Computer-assisted surgery is the process of using medical images to improve patient care. A typical system begins by processing CAT scans or MRI scans, which a physician examines with image-analysis software. A preoperative plan is formulated, allowing a surgeon to perform "virtual surgery" on the patient to optimize the plan. In the operating room the medical image is registered to the patient's anatomy by finding an optimal rigid-body transformation. This transformation allows an object or motion in one coordinate frame to be represented in the other frame, and thus a surgeon can visualize the location of an intrument deep within concealed anatomy.
For the past five years, a multidisciplinary research group I lead has been investigating fundamental problems in orthopedic surgery of bones and joints. This talk will be an overview of the problems and our solutions, which have been tested in a set of pilot clinical trials over the past four years that involved more than 100 patients. We have concentrated on surgical procedures that are technically difficult or have high risk. This talk is directed at a general audience.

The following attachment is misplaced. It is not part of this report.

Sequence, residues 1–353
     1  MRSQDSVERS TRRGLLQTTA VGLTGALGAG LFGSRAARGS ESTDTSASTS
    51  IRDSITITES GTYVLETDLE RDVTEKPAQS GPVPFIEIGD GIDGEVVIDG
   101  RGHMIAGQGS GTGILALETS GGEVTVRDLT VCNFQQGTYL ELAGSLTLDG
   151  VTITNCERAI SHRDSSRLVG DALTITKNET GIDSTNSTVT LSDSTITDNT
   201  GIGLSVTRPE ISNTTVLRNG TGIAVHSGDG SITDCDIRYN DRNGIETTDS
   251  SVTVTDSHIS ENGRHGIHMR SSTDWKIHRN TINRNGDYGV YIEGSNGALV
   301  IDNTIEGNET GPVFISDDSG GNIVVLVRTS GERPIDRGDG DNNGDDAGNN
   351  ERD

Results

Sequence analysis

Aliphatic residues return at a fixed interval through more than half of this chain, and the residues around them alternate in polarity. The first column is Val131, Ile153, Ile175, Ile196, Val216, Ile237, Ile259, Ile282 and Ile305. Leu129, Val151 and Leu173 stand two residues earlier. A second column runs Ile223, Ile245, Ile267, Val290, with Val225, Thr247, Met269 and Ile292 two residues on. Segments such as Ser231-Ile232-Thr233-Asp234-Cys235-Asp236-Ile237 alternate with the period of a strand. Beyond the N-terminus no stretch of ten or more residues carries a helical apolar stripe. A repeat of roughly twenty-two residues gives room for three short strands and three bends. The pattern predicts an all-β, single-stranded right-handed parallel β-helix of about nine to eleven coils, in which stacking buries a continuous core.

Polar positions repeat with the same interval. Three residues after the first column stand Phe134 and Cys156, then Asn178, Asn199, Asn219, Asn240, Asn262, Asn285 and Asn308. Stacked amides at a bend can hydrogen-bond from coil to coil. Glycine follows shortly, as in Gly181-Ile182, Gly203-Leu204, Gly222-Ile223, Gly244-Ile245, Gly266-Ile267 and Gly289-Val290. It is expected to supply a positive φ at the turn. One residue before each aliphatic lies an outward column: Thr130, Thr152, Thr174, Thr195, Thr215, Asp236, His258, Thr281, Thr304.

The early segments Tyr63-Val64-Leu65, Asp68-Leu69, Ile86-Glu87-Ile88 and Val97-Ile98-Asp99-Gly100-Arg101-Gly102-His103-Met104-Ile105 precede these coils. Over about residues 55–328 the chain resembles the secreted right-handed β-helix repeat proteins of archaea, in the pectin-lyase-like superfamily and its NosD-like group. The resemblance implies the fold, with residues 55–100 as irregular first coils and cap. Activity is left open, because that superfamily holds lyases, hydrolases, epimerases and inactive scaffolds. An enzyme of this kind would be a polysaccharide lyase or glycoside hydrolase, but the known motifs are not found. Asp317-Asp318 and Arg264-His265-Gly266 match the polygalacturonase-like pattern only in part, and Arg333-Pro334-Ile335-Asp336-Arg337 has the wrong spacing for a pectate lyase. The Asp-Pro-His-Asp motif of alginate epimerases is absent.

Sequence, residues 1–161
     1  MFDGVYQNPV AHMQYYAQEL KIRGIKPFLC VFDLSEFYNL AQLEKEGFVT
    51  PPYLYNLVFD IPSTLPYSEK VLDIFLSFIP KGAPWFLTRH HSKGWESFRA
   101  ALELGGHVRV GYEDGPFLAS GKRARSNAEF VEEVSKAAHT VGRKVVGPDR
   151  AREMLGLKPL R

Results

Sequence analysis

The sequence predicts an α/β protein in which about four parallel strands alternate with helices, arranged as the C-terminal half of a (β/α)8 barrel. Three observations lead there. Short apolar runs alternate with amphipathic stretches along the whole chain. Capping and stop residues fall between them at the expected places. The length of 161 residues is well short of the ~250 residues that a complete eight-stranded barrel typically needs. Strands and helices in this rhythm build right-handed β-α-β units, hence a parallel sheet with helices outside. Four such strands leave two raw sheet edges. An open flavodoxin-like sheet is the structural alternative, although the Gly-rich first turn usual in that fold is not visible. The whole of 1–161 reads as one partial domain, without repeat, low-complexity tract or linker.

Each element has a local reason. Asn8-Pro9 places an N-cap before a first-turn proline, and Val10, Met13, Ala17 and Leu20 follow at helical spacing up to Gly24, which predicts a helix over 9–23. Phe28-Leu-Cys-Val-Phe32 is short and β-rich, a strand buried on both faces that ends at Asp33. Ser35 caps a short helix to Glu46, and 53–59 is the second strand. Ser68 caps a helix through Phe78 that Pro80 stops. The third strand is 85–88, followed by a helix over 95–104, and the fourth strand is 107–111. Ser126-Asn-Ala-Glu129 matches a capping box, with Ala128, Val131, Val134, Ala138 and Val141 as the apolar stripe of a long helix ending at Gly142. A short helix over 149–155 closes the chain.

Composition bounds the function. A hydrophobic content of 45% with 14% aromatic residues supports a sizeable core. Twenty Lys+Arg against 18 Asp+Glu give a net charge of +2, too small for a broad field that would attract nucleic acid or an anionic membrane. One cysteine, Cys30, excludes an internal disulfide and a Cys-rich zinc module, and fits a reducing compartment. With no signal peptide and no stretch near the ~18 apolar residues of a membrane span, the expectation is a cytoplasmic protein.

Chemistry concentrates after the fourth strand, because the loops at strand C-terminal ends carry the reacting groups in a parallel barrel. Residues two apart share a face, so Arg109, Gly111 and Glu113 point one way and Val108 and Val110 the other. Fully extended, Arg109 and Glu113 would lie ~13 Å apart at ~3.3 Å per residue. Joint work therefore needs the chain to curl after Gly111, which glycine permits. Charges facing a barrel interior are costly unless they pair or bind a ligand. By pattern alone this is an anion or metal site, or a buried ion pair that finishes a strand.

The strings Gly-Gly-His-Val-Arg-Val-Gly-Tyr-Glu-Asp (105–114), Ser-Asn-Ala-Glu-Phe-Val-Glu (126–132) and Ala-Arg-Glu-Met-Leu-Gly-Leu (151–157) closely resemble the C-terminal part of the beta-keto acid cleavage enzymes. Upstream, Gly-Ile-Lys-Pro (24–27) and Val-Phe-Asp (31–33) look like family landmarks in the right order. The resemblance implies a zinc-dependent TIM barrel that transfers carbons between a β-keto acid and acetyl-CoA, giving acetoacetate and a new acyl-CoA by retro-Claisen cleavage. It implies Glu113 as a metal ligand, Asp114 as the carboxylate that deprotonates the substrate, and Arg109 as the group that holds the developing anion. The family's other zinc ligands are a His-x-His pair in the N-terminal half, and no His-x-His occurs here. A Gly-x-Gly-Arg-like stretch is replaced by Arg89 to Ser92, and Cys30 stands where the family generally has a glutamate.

Randy Ellis is a Full Professor in Queen's University at Kingston. His primary appointment is in the School of Computing, and he is also appointed as a Full Professor in the Department of Mechanical Engineering and the Department of Surgery. He is the Project Leader of a large multidisciplinary group that has extensive clinical experience with computer modeling and guidance for orthopedic surgery. He has worked with surgeons in Canada, Italy, Sweden, and Saudi Arabia on ways to improve surgical procedures, and is currently on sabbatical leave at Johns Hopkins University to conduct collaborative research with the Engineering Research Center.